This weekend was a large family wedding at the Intercontinental Hotel in Chicago. At one moment, I looked around at my cousins and childhood friends who had flown in from New York and realized that we have gotten older. It’s a funny thing: hairlines have receded, turned grey, and mid-sections have grown exponentially; yet, personalities have remained quite similar. The comedians still tell jokes, the introverted still do the listening, and the dancers continue to cut it up on the floor, even though it now looks far less graceful (something evidently unknown to some of these Travoltas). However, my interest isn’t to reflect on how the years change us, so much as I would like to consider the supreme value of family, particularly as it emerges from the shared experience of one’s home.
Gilbert Keith Chesterton (1874 – 196) was one of the great Christian writers of the early twentieth century, excelling at journalism, fiction, popular theology, biography, and detective stories. He had no patience for those who disparaged the experience of family. In the passage below, he contends that home life—far from being confining and bland—is a place of unique freedom and opportunity.
But of all the modern notions generated by mere wealth the worst is this: the notion that domesticity is dull and tame. Inside the home (they say) is dead decorum and routine; outside is adventure and variety. This is indeed a rich man’s opinion. The rich man knows that his own house moves on vast and soundless wheels of wealth: is run by regiments of servants, by a swift and silent ritual. On the other hand, every sort of vagabondage of romance is open to him in the streets outside . . . And because he, the luxurious man, dictates the tone of nearly all “advanced” and “progressive” thought, we have almost forgotten what a home really means to the overwhelming millions of mankind.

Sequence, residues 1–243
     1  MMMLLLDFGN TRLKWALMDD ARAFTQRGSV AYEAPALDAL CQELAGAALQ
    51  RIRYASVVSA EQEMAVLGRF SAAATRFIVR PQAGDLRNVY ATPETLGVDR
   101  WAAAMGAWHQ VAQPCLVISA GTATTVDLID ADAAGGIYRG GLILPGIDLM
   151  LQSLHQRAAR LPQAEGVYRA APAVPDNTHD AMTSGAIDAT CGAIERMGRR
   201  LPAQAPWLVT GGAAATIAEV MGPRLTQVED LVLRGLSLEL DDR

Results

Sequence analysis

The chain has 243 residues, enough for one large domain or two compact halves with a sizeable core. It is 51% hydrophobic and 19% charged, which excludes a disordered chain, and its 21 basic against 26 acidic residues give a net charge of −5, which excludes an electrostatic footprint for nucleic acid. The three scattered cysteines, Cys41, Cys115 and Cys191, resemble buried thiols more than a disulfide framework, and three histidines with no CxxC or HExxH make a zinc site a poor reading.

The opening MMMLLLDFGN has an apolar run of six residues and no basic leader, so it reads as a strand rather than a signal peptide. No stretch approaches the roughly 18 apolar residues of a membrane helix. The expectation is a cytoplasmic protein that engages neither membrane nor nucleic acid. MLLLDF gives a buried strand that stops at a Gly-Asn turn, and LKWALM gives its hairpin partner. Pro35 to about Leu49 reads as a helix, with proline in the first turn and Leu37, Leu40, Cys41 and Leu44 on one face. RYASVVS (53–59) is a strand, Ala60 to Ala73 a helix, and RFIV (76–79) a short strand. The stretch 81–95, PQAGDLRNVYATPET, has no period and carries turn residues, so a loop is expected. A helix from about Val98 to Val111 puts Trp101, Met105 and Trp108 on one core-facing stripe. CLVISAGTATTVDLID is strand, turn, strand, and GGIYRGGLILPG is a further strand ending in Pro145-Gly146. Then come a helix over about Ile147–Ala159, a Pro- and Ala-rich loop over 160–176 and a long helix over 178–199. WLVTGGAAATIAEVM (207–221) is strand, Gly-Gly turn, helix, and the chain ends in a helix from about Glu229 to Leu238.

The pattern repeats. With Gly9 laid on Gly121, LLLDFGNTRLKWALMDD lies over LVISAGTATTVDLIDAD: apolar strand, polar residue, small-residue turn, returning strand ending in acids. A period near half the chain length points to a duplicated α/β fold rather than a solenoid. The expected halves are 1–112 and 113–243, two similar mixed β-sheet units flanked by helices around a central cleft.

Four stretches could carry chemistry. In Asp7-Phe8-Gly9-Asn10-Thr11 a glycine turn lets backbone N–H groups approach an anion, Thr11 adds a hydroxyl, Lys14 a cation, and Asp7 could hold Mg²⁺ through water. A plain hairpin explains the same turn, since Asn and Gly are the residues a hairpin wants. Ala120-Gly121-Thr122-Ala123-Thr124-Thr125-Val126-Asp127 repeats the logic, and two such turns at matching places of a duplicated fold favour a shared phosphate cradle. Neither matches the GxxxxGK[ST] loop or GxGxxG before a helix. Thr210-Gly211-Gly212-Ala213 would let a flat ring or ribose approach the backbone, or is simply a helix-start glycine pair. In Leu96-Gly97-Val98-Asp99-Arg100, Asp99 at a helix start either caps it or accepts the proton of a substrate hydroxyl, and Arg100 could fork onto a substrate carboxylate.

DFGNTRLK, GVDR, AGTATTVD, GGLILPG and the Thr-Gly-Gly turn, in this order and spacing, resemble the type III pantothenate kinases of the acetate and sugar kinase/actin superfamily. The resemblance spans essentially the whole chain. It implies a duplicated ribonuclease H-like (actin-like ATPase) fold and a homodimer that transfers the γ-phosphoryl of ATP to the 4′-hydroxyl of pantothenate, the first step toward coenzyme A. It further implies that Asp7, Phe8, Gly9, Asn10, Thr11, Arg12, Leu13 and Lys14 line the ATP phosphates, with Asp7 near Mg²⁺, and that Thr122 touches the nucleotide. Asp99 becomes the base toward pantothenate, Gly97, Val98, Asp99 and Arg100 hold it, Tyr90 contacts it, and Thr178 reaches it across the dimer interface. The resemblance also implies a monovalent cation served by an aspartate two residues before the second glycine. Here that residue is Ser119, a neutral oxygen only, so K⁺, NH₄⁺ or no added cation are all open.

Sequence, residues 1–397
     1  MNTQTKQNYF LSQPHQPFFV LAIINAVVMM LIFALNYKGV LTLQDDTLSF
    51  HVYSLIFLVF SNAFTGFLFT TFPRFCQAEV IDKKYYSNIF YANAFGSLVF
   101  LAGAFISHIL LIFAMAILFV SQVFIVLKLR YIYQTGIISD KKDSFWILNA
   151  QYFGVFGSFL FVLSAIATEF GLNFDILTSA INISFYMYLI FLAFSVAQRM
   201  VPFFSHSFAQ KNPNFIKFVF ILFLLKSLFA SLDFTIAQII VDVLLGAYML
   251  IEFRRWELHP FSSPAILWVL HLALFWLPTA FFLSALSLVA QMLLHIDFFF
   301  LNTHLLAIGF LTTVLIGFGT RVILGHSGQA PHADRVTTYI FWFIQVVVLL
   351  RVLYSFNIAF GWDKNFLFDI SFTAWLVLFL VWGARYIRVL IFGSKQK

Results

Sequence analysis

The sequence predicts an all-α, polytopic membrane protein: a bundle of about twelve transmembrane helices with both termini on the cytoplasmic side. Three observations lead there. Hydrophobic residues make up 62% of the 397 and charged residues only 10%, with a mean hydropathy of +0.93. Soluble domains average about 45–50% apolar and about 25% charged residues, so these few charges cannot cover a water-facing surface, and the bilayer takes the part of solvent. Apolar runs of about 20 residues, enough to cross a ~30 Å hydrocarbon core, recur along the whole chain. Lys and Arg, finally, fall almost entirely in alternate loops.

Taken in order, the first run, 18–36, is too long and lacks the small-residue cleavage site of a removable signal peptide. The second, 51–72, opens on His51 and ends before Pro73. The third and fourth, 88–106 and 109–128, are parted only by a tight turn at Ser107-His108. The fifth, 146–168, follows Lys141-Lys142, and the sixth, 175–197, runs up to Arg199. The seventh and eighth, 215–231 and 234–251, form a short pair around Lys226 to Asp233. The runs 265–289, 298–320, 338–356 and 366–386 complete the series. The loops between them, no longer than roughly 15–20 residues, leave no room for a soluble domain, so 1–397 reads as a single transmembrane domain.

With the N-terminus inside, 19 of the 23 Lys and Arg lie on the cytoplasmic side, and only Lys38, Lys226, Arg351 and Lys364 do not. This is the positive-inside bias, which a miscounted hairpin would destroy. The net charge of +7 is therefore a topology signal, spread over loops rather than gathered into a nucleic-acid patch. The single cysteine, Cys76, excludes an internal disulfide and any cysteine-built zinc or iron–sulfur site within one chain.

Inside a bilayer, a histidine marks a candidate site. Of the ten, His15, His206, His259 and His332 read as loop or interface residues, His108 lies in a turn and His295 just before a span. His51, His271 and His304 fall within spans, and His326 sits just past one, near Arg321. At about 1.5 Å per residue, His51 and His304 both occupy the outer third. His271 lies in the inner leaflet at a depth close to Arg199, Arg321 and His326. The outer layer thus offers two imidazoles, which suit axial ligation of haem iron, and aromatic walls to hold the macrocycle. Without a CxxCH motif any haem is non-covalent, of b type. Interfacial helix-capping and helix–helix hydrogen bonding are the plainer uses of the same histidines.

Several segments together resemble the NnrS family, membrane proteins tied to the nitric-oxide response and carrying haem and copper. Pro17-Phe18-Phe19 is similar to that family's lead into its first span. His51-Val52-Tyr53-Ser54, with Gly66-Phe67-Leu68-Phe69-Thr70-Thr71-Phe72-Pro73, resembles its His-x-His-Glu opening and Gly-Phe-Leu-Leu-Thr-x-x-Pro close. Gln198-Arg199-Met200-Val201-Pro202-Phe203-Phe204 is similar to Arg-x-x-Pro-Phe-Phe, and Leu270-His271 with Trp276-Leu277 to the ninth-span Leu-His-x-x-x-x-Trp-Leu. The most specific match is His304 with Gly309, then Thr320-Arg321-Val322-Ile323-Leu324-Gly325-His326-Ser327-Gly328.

For the truth is, that to the moderately poor the home is the only place of liberty. Nay, it is the only place of anarchy. It is the only spot on the earth where a man can alter arrangements suddenly, make an experiment or indulge in a whim. Everywhere else he goes he must accept the strict rules of the shop, inn, club, or museum that he happens to enter. He can eat his meals on the floor in his own house if he likes. I often do it myself; it gives a curious, childish, poetic, picnic feeling. There would be considerable trouble if I tried to do it in an A.B.C. tea-shop. A man can wear a dressing-gown and slippers in his house; while I am sure that this would not be permitted at the Savoy, though I never actually tested the point . . . For a plain, hard-working man the home is not the one tame place in the world of adventure. It is the one wild place in the world of rules and set tasks. The home is the one place where he can put the carpet on the ceiling or the slates on the floor if he wants to . . . Hotels may be defined as places where you are forced to dress; and theaters may be defined as places where you are forbidden to smoke. A man can only picnic at home.1
I can’t resist sharing the following photo. Yes, it was as fun as it appears.
1 G. K. Chesterton, “The Wildness of Domesticity,” in What’s Wrong with the World (New York: Sneed & Ward, 1956), 43-44.